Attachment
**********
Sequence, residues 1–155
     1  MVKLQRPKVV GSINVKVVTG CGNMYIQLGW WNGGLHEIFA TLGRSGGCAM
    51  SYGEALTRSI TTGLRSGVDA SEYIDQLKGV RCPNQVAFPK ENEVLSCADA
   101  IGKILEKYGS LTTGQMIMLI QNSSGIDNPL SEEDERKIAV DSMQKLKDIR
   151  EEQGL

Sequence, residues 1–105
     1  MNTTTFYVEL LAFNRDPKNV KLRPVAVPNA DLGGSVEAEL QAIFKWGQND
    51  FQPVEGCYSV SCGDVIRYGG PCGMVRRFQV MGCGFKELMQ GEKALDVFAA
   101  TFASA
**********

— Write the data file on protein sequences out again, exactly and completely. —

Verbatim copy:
Sequence, residues 1–155
     1  MVKLQRPKVV GSINVKVVTG CGNMYIQLGW WNGGLHEIFA TLGRSGGCAM
    51  SYGEALTRSI TTGLRSGVDA SEYIDQLKGV RCPNQVAFPK ENEVLSCADA
   101  IGKILEKYGS LTTGQMIMLI QNSSGIDNPL SEEDERKIAV DSMQKLKDIR
   151  EEQGL

Sequence, residues 1–105
     1  MNTTTFYVEL LAFNRDPKNV KLRPVAVPNA DLGGSVEAEL QAIFKWGQND
    51  FQPVEGCYSV SCGDVIRYGG PCGMVRRFQV MGCGFKELMQ GEKALDVFAA
   101  TFASA